Here's a complete written overview of the process:-
- Insert the blade into the razor - with most double edged razors you can simply twist the handle to open up the head and allow you to insert your razor blade. It goes without saying to be careful when handling the sharp edges.
Insert the blade into the razor and do a quick spot check to make sure that the blade looks even on both sides. Once in and even, you're ready to rock and roll.
- Put your brush in hot water - leave the shaving brush in hot water for a few minutes to raise the temperature. This helps you to product a nice lather.
- Get some shaving cream on your brush - take your brush from the water, insert into the shaving cream bowl and whirl around to get a decent amount of shaving cream onto your brush.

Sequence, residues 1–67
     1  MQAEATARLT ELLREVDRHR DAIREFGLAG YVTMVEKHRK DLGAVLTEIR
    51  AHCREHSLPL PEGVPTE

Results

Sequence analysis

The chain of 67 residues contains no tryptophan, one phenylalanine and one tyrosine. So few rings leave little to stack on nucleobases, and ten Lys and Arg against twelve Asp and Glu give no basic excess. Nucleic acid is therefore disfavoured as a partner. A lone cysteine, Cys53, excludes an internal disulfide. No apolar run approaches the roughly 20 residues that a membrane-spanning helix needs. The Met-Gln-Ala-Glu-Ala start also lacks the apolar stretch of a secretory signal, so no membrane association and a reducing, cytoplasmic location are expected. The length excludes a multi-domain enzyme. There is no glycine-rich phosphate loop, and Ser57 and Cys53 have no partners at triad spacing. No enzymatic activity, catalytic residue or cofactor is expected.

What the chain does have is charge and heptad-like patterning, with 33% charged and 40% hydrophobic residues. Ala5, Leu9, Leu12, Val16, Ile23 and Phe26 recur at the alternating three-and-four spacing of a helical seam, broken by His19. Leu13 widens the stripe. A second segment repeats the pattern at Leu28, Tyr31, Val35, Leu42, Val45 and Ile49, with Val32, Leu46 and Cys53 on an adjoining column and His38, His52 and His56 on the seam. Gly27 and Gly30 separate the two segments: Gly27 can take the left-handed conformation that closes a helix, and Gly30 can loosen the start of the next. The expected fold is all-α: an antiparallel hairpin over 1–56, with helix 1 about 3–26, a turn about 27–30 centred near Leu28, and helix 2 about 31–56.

You can move the brush in a clockwise motion to get plenty of shaving cream - there's no need to press down hard.
- Apply the shaving cream to your face - you can now apply the shaving cream lather to your face. Start with your cheeks and move your brush in a circular motion to build up a lather on your whiskers.
You'll need to continually move the brush in a circular motion to build up the lather on the face - this can often take a minute or so before you get a nice thick lather.
If you feel that the lather is too dry then you can add a few droplets of water to get things going again.
Make sure that your lather is thick enough that you can't see any skin underneath the lather.